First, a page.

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Grenade-Shaped Grinder Causes Airport Evacuation in Argentina

Who thought it would be a good idea to bring anything weapon-shaped to the airport?

A.J. Herrington

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Grenade-Shaped Grinder Causes Airport Evacuation in Argentina
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An Argentine airport was evacuated Tuesday after a suspected explosive device was discovered at the facility. But when the bomb squad arrived to investigate the object, they determined that it was actually a cannabis grinder designed to resemble a hand grenade. The incident occurred at the Astor Piazzolla airport in Mar del Plata, a seaside city about 250 miles southeast of the Argentine capital of Buenos Aires.

Alehandro Itzcovich, the chief of national airport security in Argentina, told local media that he believed that the pot grinder had been left at the airport by a departing passenger.

“Someone must have discarded the artifact before boarding on a plane,” Itzcovich said.

He added that airport security officials had “confirmed that it was not an explosive and we’re now trying to determine who the owner of this object is.”

Photographs of the event show a security officer in a bomb protection suit holding the hand grenade-shaped weed grinder. Nearby, additional security officers can be seen watching the bomb squad officer and smiling.

Officials said several flights in and out of Mar del Plata were delayed by the airport evacuation.

It’s Not the First Time

The incident in Argentina is not the first time a marijuana grinder shaped like a hand grenade has caused trouble at an airport. In March 2016, security officers found a similar grinder in a passenger’s bag at the airport in Sacramento, California. After that incident, the Transportation Security Administration (TSA) posted a photograph of the grinder to its Instagram feed, along with a warning to flyers.

“Anything resembling a grenade is prohibited in both carry-on and checked baggage. Especially if it’s a grenade shaped grinder with marijuana inside. This grenade-shaped grinder was discovered in a carry-on bag at Sacramento International Airport (SMF),” the post reads.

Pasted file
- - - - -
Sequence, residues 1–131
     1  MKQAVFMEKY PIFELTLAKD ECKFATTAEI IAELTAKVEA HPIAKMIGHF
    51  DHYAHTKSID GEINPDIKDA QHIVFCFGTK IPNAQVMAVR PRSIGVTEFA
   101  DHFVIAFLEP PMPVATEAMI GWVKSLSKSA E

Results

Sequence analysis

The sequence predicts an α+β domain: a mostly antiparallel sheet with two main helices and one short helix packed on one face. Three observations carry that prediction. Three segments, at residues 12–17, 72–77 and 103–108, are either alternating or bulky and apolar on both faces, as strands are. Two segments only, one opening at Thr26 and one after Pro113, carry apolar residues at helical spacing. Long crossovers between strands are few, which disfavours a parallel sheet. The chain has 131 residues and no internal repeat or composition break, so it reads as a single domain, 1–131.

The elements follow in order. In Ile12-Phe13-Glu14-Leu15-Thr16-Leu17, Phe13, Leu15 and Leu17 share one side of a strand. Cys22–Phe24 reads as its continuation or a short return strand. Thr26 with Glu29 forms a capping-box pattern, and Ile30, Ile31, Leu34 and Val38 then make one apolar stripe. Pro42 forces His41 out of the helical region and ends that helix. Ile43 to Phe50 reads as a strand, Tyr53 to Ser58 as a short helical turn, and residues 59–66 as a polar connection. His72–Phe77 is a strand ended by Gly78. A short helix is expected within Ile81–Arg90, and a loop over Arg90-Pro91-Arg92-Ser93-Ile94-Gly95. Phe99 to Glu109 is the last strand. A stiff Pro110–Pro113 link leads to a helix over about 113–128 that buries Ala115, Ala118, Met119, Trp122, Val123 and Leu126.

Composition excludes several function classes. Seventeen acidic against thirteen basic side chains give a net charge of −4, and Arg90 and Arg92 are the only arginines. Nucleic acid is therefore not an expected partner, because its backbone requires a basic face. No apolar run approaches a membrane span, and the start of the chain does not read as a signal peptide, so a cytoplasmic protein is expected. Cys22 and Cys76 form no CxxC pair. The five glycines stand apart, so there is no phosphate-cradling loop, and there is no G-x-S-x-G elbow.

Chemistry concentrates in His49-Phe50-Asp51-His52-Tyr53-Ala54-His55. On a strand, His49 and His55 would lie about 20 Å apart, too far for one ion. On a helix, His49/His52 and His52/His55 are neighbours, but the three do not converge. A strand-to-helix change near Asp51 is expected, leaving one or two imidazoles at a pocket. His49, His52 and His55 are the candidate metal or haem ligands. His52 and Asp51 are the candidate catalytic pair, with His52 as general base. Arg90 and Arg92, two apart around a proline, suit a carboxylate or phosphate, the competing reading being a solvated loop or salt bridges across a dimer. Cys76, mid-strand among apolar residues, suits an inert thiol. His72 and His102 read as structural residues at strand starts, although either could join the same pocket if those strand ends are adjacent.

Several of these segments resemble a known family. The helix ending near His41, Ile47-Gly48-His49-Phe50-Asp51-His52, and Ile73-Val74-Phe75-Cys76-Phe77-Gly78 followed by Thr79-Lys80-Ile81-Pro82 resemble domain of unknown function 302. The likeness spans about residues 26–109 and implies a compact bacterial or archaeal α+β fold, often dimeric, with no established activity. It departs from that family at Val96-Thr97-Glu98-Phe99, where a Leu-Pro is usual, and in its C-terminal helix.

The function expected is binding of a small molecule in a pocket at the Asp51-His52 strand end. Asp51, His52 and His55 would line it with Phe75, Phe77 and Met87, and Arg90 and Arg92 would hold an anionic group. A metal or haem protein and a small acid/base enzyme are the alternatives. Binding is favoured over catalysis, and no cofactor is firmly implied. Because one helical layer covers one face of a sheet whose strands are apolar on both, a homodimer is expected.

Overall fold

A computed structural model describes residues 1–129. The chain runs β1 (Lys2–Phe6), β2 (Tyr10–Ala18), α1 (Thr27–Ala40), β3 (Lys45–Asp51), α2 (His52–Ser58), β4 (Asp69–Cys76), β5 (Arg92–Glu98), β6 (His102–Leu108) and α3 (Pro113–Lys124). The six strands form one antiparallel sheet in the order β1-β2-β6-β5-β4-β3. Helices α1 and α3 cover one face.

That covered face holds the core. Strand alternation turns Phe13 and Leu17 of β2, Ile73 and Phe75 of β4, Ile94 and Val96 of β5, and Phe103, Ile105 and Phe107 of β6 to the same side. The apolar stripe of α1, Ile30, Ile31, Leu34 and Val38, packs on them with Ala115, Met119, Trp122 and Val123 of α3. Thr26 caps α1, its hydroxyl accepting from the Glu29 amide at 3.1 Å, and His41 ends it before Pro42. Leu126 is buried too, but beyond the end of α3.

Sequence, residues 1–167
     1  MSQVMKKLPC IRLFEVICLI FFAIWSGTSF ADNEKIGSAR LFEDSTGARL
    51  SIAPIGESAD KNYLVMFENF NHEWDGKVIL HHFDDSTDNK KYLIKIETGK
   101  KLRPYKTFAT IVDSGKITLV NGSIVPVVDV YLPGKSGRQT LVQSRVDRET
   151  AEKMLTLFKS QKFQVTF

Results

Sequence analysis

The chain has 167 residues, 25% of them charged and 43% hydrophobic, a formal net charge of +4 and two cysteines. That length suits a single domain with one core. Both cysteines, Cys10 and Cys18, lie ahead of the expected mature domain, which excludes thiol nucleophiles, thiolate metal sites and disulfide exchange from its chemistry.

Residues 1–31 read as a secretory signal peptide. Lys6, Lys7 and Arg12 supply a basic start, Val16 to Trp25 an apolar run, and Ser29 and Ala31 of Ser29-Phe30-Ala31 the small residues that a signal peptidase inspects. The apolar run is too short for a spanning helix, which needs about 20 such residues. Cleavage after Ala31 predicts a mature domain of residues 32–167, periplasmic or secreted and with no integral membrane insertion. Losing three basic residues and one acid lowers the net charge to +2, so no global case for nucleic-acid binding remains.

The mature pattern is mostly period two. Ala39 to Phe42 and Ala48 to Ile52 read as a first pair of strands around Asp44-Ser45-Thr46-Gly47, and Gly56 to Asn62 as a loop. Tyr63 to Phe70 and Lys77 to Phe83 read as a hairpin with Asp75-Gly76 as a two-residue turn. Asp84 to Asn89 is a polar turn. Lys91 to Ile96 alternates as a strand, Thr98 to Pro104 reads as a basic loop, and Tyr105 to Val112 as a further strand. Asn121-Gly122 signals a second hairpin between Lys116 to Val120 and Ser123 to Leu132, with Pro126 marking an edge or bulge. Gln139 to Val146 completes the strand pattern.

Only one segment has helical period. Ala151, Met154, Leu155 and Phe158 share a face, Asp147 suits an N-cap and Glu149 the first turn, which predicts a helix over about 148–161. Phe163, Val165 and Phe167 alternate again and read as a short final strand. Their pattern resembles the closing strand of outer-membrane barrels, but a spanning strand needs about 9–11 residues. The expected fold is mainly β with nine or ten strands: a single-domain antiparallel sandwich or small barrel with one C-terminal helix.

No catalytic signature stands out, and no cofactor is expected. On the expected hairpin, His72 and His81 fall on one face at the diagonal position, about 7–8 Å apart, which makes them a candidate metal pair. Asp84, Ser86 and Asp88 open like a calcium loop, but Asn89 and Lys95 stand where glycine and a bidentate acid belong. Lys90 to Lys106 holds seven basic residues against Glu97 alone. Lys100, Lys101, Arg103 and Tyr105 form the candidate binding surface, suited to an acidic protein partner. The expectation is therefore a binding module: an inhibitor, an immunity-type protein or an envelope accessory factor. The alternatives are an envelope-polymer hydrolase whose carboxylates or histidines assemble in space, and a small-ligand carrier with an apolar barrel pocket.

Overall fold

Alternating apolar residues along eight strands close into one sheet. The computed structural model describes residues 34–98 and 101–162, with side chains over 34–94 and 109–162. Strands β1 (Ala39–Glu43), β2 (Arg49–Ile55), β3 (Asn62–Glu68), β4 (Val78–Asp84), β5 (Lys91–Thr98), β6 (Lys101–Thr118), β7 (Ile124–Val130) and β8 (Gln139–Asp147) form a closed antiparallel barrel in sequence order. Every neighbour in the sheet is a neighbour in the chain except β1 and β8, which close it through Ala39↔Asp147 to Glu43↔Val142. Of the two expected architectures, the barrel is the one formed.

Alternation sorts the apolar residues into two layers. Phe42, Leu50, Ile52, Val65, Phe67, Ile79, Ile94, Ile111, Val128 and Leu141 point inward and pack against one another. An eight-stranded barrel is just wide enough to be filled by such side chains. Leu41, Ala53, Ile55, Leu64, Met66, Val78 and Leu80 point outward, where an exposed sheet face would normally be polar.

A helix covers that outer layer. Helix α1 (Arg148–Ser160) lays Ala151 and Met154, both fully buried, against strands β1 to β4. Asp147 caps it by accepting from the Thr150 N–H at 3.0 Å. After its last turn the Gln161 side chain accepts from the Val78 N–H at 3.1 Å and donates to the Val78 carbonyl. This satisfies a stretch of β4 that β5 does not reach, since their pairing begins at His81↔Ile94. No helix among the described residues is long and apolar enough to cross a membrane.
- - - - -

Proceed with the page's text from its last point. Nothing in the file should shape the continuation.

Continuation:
And in April 2016, flights were delayed at Bellingham International Airport in the state of Washington when what appeared to be a camouflage hand grenade was found in a passenger’s carry-on luggage by TSA officers. After seeing the device in a bag going through screening equipment, TSA personnel evacuated the security screening and boarding areas of the airport as a precaution.

The bomb squad was called to investigate that incident, as well. The passenger was questioned by security personnel and they determined the object was a cannabis grinder. The traveler was released and allowed to board his flight.

After the incident, TSA spokesperson Lorie Dankers told local media that airport security officials are looking for objects that might pose a danger to flights during screening procedures, not drugs or similar contraband.

“They’re not looking for that sort of thing,” Dankers said. “They saw an image of a grenade, and it led them to this.”

Has Las Vegas Airport Found a Solution?

With the rash of pot grinders resembling hand grenades causing security alerts, airports might consider following the lead of McCarran International Airport in Las Vegas. In response to the legalization of cannabis in Nevada, officials at McCarran installed so-called amnesty boxes at airport entrances. The secure drop sites, which resemble street corner mailboxes painted green, allow passengers to safely dispose of any contraband they may have before they enter the facility.

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